The creator of a downloadable, plastic gun suspects politics are behind a State Department order that his design be removed from the Internet, but he expects his 3-D technology to be a game-changer where federal regulations are concerned.
"The timing is just too obvious," Cody Wilson, the founder of Defense Distributed and the creator of "The Liberator" plastic firearm, told Newsmax.TV.
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State ordered Wilson's company to remove plans that allowed people with a 3-D printer to make a plastic gun. The plans were downloaded more than 200,000 times in only a few days before the order.
Critics have claimed terrorists could use the plans to create weapons to do harm against Americans. Wilson said while that's a valid argument, "terrorists can also use weapons that are given to them by the United States government."
Wilson, though, says the company's motive was to teach "what we thought was an alternative vision of the future through this distributed technology, 3-D printing, and then putting what would be a function of firearms online."
But the Liberator pistol was ordered taken down within two days after it was released, and Wilson says he doesn't know where the pressure came from to take it down.
"Maybe it is a senator," he said. "Maybe it was another nation, like the U.K. or Australia, but the pressure was strong enough that the Secretary of State just felt like they had to do something to try to stop this or just try to make it appear like they were stopping it."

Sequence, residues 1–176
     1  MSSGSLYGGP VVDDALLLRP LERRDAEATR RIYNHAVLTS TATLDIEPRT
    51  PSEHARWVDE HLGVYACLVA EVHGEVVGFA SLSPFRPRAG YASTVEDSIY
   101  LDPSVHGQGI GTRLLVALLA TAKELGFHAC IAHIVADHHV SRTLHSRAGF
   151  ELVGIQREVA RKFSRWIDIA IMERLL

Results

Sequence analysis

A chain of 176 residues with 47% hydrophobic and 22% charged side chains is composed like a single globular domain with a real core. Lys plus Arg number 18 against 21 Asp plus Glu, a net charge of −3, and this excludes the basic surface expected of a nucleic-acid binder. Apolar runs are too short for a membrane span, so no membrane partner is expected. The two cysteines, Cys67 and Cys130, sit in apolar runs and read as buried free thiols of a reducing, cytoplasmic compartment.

He said he believes he heard from State, rather than from the Bureau of Alcohol, Tobacco, and Firearms because the government couldn't stop the site through manufacturing or other grounds, so it used arms export control laws to stop the 3-D plans.
But even though State ordered the download stopped, Wilson said it's not possible to control the plans that are already out on the Internet.
"That Liberator pistol has now spread all over the Internet and all of the popular file sharing websites have taken it up as a kind of (cause)," he said. "I mean, they don’t believe in a world of administrative control of information in the Internet and they are responding by sharing the files even more than they would have ordinarily been shared."
The new technology, and the response online to it, could mean more decentralized control, Wilson believes.
The 3-D printing technology could expand into other areas currently restricted by the government, such as healthcare and medical devices, Wilson said, and he intends to push the printing technology further than it currently exists.
"The tool is an interesting one to challenge our understanding of intellectual property and regulation not just from a gun front, but on the medical device front," Wilson said. "We can have confrontations at the FDA, we can have confrontations with 'rights holders' over their design or utility patents. This is a wonderful tool because it can be a paradigm smasher and I'm interested in continuing to push its potential forward."
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